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UNHCR airlift to help homeless Sahrawi refugees in Algeria set to start


UNHCR airlift to help homeless Sahrawi refugees in Algeria set to start

UNHCR's airlift of emergency supplies to help more than 50,000 Sahrawi refugees, made homeless by flooding in the Tindouf region of western Algeria, is set to start from Jordan. Five countries have generously offered airlift support. A Portuguese plane, the first of the airlift, is expected to land in Jordan late Friday, where it will be loaded with tents and other relief items. In Tindouf, UNHCR and local partners continue to deal with the aftermath of the disaster.
17 February 2006
UNHCR is transferring refugee children from the 9 June Boarding School which was severly damaged by the torrential rain and flooding that hit the Tindouf region of Western Algeria.

GENEVA, Feb. 17 (UNHCR) - UNHCR's emergency airlift of relief supplies for more than 50,000 Sahrawi refugee flood victims in camps in western Algeria is scheduled to begin late Friday from Jordan. Portugal, France, Italy and the United States have offered airlift support.

"We are very grateful for this crucial support of the airlift from these countries, which will allow us to get 250 tonnes of relief items to Tindouf quickly," said UNHCR's Geneva-based regional director Ekber Menemencioglu.

More than 25 flights will be needed to airlift the supplies including more than 2,000 lightweight tents, plus tens of thousands of blankets, mattresses, plastic sheets and jerry cans.

The first plane taking part in the airlift, from Portugal, was expected to land at Jordan's Marka airport late Friday to be loaded with relief items from the UN refugee agency's regional warehouse in Jordan. The plane is then scheduled to fly to Oran, near the Algerian capital, from where the Algerian authorities will transport the emergency supplies to Tindouf.

A UNHCR emergency team - including an emergency, and water and sanitation specialists, arrived in Tindouf on Thursday to reinforce our team already on the ground. A site planner and logistics specialist are expected to arrive over the weekend. At the same time, a high-level UNHCR delegation, including the Geneva-based deputy director for the region, is visiting the three affected camps with representatives from various donors. They visited Awserd camp on Thursday and were shocked by the level of destruction. Laayoune and Smara camps were visited on Friday.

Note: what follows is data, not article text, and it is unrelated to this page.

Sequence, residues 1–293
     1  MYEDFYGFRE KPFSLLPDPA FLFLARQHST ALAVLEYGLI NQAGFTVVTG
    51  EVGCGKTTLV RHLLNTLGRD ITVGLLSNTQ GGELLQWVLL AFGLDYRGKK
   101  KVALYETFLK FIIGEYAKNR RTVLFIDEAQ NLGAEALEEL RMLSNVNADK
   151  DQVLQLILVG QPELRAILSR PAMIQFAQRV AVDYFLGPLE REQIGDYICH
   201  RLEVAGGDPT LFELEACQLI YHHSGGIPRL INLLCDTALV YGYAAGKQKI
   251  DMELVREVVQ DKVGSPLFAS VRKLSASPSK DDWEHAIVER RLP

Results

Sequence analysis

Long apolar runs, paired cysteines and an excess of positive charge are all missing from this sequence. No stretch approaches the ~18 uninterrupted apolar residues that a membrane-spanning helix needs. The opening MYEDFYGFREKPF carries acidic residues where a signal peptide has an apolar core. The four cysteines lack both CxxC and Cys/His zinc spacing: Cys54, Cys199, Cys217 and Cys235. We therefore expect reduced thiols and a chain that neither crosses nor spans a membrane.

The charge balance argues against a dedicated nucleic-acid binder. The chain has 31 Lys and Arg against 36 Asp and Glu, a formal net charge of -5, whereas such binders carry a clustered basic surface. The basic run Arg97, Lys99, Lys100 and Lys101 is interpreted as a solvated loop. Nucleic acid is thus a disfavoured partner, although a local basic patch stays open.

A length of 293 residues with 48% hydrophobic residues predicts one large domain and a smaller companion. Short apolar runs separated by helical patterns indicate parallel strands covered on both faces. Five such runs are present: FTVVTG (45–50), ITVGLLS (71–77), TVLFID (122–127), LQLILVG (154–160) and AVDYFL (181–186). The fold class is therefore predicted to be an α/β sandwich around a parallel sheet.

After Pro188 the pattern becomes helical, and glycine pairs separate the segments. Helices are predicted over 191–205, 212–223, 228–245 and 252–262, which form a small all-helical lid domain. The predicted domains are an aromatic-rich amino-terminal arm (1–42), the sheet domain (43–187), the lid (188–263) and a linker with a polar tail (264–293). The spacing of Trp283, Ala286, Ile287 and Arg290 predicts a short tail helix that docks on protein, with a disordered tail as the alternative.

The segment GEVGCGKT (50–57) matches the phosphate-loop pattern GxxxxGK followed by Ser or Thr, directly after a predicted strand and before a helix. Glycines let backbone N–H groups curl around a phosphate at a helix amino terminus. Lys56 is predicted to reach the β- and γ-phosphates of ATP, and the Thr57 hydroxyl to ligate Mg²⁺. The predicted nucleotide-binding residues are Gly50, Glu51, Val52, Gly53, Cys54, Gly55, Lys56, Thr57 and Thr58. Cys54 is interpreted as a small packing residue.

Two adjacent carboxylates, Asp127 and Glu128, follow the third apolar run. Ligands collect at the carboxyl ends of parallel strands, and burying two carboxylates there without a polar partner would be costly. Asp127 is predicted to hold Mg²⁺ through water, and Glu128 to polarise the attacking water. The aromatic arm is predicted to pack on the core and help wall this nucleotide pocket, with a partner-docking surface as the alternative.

UNHCR's teams in Tindouf are working around the clock with other agencies to provide temporary solutions for the homeless refugees, flooded out of their shelters late last week by rare torrential rains.

"Many of the homeless have been housed for the time being in tents generously provided by the local authorities, or with other families in the camps or at higher elevations," said Houssam Mu'Allem UNHCR's team leader in Tindouf. "But, the remaining homes in the camps are overcrowded. It is essential that we get more tents and other items in the days to come, to assist more people. In the longer term the destroyed parts of the camps will have to be rebuilt," he added.

Fifty percent of the houses in the three of the camps - Awserd, Smara and Laayoune - were destroyed by the floodwaters, and 25 percent were very badly damaged.

"It is impossible to live in these damaged houses. There is no rain or wind at the moment, but if there were, these houses would immediately collapse," Mu'Allem said.

The camp infrastructure has also suffered enormous damage with collapsed buildings. None of the health clinics can be used, most hospitals, their pharmacies and equipment are heavily damaged, and all schools have been destroyed.

Following a specific request from the Sahrawi authorities, UNHCR is also working to transfer to a safer location 450 schoolchildren and 50 support staff from the badly damaged 9 June boarding school for refugee children situated between Rabouni and Smara camps.

"We are now working on repairing another boarding school a little further away and hope to house all children and staff there," explains Julie Gagné, UNHCR's community services officer in Tindouf. "The Sahrawi authorities have emphasised that education should continue uninterrupted where possible, and we hope to be able to facilitate that."

On Tuesday and Wednesday, UNHCR and partners undertook an emergency water purification exercise in the three affected camps to stem the outbreak of disease. Water purification liquid was provided to families and added to septic water tanks and stagnant water lying in the camps.

"An awareness campaign highlighting the importance of these purifiers is crucial right now," said Gagné. "It is essential to prevent anyone getting ill."

While the Tindouf region has experienced smaller floods, this is the worst flooding to hit the area since 1994 when heavy rains and floods forced UNHCR to transfer Awserd camp to higher ground.

The refugee camps in the Tindouf area host refugees who fled Western Sahara in 1975 during the conflict over the right to govern the Territory after Spain withdrew from the region. UNHCR is presently supporting 90,000 of the most vulnerable refugees who depend on outside assistance.